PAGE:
Aids in digestion
Aids in weight loss
Fights free radicals
Lowers blood pressure
May reduce cholesterol
May reduce risk of birth defects
Promotes eye health
Serving size: 1 cup chopped; Calories: 8; Fat: .7g; Cholesterol: 0mg; Sodium: 12mg; Carbs: 1.5g; Fiber: 1.2g; Sugars: .2g; Protein: .8g; Potassium: 4%DV; Vitamin A: 20%DV; Vitamin C: 4%DV; Calcium: 2%DV; Iron: 2%DV
Did You Know?
- Escarole is actually a member of the Endive family and its taste is similar to radicchio
- As more layers are peeled back, the leaves continue to lighten in shade. As the shade of the leaves lightens, the degree of bitter taste also lessens
- The inner leaves are best for raw recipes, outer leaves are best for cooking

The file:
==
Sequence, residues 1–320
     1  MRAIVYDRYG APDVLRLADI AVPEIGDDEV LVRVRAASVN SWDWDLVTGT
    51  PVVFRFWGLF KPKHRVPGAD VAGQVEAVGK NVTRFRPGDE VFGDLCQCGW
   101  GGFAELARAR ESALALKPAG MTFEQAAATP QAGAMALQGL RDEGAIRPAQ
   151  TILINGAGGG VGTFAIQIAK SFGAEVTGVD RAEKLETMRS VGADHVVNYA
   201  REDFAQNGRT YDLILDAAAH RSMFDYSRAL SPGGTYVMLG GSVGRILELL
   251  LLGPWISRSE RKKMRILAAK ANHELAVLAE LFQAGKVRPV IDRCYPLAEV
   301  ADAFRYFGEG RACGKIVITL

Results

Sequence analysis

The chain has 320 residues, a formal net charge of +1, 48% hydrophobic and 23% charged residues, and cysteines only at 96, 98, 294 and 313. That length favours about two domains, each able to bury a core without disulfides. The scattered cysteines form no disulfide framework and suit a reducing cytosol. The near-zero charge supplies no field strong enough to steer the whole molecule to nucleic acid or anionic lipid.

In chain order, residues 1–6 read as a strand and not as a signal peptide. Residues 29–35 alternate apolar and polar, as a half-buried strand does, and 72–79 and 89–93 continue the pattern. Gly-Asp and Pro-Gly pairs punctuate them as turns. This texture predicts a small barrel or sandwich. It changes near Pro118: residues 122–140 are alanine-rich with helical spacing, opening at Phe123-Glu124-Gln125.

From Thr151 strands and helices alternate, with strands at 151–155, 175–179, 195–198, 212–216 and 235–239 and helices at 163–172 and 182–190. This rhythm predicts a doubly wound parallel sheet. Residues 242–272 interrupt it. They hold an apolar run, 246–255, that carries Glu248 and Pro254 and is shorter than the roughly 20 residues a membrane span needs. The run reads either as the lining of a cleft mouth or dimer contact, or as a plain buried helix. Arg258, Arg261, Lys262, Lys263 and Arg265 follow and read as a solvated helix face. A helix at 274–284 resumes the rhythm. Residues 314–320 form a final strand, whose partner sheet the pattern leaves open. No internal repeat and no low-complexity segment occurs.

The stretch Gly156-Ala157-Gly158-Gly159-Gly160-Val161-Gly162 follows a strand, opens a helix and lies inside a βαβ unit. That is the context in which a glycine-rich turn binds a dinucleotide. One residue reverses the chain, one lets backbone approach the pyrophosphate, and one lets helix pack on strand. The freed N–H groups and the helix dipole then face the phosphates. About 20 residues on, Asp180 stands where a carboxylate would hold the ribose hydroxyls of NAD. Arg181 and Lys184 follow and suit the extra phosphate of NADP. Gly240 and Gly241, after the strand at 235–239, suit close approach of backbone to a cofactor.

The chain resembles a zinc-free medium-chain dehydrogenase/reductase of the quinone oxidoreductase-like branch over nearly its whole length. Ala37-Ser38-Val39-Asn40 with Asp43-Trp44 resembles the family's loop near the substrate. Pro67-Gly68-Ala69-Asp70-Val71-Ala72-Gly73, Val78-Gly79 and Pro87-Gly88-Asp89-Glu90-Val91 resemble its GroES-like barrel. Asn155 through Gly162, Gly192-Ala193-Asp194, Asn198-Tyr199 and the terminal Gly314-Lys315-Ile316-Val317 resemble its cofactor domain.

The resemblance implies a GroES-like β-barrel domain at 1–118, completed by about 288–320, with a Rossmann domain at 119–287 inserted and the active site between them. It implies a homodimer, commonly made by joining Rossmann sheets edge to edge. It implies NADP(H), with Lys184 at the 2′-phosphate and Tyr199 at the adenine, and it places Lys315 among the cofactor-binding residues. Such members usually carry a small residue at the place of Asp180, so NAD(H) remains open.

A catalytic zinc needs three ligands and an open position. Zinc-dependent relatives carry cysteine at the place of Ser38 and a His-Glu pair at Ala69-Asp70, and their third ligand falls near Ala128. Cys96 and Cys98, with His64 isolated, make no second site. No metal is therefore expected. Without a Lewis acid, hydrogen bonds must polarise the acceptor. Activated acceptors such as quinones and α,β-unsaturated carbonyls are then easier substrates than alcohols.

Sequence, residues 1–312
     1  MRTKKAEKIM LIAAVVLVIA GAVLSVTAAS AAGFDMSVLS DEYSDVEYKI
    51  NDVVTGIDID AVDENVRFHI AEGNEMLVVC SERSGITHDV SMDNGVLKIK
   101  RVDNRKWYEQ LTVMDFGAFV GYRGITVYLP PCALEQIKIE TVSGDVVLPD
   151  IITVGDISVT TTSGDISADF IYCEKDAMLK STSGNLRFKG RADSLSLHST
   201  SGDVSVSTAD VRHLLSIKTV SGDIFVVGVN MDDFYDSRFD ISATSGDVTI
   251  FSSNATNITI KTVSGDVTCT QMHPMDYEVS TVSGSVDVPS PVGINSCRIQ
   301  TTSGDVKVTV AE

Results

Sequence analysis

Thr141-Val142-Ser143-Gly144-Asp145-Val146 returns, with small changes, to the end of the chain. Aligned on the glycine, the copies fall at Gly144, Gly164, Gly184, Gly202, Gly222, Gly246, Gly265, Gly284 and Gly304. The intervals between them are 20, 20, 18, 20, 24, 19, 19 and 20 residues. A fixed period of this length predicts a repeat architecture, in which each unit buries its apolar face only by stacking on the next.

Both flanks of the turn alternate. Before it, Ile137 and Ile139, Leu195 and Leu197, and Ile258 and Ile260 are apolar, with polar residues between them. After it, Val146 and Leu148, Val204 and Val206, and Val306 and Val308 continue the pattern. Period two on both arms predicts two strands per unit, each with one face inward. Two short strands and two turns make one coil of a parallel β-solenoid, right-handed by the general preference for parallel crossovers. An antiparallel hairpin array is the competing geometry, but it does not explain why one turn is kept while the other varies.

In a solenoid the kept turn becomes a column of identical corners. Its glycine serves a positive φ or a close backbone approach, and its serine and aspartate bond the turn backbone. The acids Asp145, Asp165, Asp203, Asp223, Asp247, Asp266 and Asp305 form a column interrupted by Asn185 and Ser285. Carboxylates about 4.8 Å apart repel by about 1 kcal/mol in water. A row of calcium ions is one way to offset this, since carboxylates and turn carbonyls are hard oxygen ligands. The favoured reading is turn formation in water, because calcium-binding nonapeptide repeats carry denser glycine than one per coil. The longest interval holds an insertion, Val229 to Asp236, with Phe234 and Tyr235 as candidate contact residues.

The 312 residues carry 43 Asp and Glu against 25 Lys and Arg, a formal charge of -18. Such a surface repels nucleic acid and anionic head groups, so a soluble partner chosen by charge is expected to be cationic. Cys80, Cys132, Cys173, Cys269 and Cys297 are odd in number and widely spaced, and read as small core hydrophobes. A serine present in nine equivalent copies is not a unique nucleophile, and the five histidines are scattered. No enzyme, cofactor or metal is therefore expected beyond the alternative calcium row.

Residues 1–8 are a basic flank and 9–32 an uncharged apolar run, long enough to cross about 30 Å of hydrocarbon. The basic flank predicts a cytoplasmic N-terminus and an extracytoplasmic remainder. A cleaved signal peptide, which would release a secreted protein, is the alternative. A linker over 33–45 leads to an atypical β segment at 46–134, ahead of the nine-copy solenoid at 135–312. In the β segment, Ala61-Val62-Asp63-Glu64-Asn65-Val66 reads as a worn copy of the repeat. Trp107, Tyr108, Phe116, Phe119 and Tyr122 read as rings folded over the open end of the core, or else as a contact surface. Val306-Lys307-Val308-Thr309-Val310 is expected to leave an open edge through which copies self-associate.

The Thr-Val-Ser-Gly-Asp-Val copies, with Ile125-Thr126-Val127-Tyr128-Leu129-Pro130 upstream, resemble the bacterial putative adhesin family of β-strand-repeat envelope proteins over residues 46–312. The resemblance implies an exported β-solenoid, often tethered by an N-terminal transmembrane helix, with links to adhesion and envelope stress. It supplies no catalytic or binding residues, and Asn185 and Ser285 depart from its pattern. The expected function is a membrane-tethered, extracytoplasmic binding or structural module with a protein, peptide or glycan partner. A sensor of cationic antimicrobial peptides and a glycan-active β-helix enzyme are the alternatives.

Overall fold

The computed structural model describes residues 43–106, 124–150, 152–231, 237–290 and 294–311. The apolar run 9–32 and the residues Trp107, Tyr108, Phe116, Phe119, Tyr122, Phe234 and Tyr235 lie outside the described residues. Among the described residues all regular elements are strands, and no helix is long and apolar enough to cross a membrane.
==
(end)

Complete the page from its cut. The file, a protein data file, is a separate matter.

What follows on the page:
Ways to Eat:
- Slightly sauteed
- Add to soups
- Escarole needs about 1 inch of water per week. Water regularly, because leaves will be tough and bitter if the soil dries out.
- Escarole is a member of the leafy chicory family, widely cultivated in England from at least the 1500′s and is a popular green in Sicilian cuisine. The plants were, eventually, brought to America by colonists.